Senate leaves town without action on Patriot Act

Unable to muster enough votes to either approve a House-passed reform of terrorist surveillance laws or push forward on a GOP alternative, the Senate left town for an extended break early on Saturday morning, with the clock running out on several provisions of the Patriot Act that expire on June 1.

"My colleagues, do we really want this law to expire?" said Sen. Mitch McConnell (R-KY), who led Republican opposition to the USA Freedom Act, a bipartisan reform bill that had won easy House approval earlier in May.

"We've got a week to discuss it," McConnell said as Senators ran into gridlock after midnight on Friday night.

The Senate voted 57-42 to push forward with the USA Freedom Act - but 60 votes were needed for that measure; a separate vote on a GOP plan failed on a 45-54 vote.

12 Republicans voted to proceed on the USA Freedom Act; all Democrats voted in favor of that plan as well.

House members of both parties bitterly blamed the Senate for the impasse, arguing their bipartisan plan deserved approval.

"The Senate has failed to make the important reforms necessary, jeopardizing Americans’ civil liberties and our national security," said a bipartisan group of supporters in an early morning statement.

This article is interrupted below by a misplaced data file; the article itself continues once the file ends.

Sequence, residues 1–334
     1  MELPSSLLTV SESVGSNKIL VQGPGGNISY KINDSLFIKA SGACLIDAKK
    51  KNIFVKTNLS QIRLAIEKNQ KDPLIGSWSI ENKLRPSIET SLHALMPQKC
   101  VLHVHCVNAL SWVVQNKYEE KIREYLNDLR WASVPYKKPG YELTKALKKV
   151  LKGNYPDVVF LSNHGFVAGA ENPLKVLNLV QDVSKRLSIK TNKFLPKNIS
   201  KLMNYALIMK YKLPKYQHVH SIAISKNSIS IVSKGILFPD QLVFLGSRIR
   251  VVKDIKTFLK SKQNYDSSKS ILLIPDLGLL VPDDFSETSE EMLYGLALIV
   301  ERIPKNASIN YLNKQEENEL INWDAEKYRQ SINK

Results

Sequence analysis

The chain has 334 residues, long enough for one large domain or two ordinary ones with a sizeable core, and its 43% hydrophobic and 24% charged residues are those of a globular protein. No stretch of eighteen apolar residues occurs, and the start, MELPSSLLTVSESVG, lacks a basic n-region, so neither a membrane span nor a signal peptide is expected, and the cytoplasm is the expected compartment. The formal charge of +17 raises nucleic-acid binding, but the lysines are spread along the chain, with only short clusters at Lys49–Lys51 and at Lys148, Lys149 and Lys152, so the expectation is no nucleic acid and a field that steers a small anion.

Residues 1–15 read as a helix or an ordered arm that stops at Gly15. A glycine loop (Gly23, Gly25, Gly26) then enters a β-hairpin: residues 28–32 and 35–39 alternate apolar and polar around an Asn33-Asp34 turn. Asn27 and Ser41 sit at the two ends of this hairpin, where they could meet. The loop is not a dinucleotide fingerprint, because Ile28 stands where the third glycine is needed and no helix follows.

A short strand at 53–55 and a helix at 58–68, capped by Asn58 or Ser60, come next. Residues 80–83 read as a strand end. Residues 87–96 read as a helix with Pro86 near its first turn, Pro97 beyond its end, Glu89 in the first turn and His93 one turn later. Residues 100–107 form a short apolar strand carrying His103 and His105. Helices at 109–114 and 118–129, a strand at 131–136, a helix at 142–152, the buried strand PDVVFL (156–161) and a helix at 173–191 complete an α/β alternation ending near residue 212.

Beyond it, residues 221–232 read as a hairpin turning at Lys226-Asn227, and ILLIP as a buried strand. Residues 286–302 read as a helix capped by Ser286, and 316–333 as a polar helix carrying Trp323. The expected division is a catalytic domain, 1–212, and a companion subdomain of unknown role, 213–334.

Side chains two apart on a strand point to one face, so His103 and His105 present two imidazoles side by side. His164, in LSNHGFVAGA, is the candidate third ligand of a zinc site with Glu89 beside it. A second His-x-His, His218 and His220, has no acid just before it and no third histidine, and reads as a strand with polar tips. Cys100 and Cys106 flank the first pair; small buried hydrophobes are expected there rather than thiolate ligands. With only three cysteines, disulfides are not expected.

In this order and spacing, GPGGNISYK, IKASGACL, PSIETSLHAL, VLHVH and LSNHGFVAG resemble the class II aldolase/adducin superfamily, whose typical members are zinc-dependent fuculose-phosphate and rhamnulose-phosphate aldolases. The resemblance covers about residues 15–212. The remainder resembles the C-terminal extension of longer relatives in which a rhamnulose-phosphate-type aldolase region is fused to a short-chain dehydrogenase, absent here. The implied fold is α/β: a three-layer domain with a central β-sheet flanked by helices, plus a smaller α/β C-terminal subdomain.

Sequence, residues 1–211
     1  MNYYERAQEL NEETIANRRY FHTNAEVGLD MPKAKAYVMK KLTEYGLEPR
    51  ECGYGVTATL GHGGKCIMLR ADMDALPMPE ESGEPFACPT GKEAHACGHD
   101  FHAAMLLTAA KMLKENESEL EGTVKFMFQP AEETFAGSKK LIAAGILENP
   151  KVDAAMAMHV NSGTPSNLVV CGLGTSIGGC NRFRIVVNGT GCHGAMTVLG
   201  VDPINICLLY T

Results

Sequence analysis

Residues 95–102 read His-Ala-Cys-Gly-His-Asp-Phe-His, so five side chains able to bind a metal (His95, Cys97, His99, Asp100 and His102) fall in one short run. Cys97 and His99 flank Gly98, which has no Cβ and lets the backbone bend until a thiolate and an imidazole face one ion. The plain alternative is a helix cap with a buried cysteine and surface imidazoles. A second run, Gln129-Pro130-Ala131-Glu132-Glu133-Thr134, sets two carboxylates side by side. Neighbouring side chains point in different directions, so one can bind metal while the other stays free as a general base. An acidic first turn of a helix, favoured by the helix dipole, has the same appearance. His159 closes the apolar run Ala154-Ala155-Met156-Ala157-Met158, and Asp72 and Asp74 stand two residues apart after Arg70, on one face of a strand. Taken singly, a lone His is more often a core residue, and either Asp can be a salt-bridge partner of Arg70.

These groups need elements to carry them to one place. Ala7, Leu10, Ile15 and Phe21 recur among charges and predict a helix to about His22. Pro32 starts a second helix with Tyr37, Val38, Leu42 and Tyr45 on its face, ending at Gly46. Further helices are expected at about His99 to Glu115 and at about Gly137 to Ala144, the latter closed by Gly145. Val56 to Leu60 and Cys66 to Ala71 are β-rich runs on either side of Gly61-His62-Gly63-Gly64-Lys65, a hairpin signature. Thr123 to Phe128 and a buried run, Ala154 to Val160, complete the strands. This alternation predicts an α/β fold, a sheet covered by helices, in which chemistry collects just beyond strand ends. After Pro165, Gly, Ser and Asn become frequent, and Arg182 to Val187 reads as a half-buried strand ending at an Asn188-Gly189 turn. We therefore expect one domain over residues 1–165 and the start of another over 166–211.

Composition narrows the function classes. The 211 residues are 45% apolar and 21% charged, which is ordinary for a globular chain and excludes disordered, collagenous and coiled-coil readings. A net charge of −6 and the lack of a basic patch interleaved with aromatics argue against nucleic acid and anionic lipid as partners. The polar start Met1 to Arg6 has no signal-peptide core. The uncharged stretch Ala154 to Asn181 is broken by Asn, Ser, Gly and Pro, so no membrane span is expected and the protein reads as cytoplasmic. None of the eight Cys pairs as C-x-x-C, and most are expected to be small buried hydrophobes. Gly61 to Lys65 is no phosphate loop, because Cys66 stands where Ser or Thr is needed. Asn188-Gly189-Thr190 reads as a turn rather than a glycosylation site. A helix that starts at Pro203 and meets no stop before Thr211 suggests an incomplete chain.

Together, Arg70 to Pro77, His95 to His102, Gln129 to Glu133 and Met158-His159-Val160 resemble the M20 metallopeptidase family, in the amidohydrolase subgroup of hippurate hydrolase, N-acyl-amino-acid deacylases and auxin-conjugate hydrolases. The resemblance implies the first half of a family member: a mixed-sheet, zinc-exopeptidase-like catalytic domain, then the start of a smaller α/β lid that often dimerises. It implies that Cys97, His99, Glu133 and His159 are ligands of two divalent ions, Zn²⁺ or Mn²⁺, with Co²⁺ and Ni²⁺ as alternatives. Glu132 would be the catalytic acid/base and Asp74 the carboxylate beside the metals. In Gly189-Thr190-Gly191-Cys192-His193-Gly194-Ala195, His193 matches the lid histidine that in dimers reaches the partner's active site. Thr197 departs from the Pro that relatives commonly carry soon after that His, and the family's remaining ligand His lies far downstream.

What happens next? Since the Congress is on break this coming week, the clock will tick down to the June 1 expiration of the several provisions of the Patriot Act - while lawmakers are out of town.

The Senate will return on Sunday May 31, but the House is not scheduled to return until June 1, after the provisions have already expired - and there is no guarantee of a deal on a short term extension of current law.

That's the desired approach for McConnell and most Senate Republicans - a simple extension of the current Patriot Act to give more time for negotiation.

But for a many Senators, there was a much simpler course.

"It is time for Republican leadership to allow the USA FREEDOM Act to receive an up or down vote," said Sen. Patrick Leahy (D-VT). "The majority of the Senate wants to pass it and send it to the President."

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